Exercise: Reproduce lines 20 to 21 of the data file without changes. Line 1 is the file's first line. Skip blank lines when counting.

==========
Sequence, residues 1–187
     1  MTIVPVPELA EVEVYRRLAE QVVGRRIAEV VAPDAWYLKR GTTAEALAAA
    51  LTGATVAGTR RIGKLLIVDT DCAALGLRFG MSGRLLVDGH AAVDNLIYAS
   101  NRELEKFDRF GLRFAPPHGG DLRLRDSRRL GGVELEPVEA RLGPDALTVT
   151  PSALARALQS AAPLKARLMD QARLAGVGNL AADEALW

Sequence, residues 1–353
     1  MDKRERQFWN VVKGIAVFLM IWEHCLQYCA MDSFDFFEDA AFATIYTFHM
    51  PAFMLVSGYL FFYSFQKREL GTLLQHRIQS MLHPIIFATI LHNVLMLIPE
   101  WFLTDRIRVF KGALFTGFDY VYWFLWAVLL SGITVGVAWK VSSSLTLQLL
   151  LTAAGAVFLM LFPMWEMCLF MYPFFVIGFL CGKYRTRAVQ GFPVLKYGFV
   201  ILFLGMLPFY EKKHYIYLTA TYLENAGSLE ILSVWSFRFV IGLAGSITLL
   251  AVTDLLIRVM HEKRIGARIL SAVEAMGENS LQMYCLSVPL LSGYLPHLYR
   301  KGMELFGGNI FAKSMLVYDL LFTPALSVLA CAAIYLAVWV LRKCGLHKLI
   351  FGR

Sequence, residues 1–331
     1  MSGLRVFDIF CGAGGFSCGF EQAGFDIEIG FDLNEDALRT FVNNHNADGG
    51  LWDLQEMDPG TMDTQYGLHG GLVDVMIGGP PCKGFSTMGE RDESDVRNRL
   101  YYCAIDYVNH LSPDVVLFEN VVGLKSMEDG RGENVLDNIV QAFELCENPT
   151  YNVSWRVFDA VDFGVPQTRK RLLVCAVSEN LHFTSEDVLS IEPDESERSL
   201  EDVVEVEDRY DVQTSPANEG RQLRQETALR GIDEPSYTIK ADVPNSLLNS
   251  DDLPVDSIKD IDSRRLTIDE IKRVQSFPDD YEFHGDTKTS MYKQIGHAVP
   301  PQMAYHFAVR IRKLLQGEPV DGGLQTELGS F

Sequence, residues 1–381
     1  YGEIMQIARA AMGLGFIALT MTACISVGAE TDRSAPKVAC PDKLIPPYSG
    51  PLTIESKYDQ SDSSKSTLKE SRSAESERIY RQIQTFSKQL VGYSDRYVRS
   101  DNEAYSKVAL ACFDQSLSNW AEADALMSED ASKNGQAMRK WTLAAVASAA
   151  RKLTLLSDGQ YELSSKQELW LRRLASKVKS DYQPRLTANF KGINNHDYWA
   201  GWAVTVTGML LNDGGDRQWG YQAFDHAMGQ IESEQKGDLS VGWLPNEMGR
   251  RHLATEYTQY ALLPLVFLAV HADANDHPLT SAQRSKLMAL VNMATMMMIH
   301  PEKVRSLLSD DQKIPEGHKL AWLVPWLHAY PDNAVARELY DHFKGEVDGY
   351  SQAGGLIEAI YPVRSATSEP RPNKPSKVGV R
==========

   201  EDVVEVEDRY DVQTSPANEG RQLRQETALR GIDEPSYTIK ADVPNSLLNS
   251  DDLPVDSIKD IDSRRLTIDE IKRVQSFPDD YEFHGDTKTS MYKQIGHAVP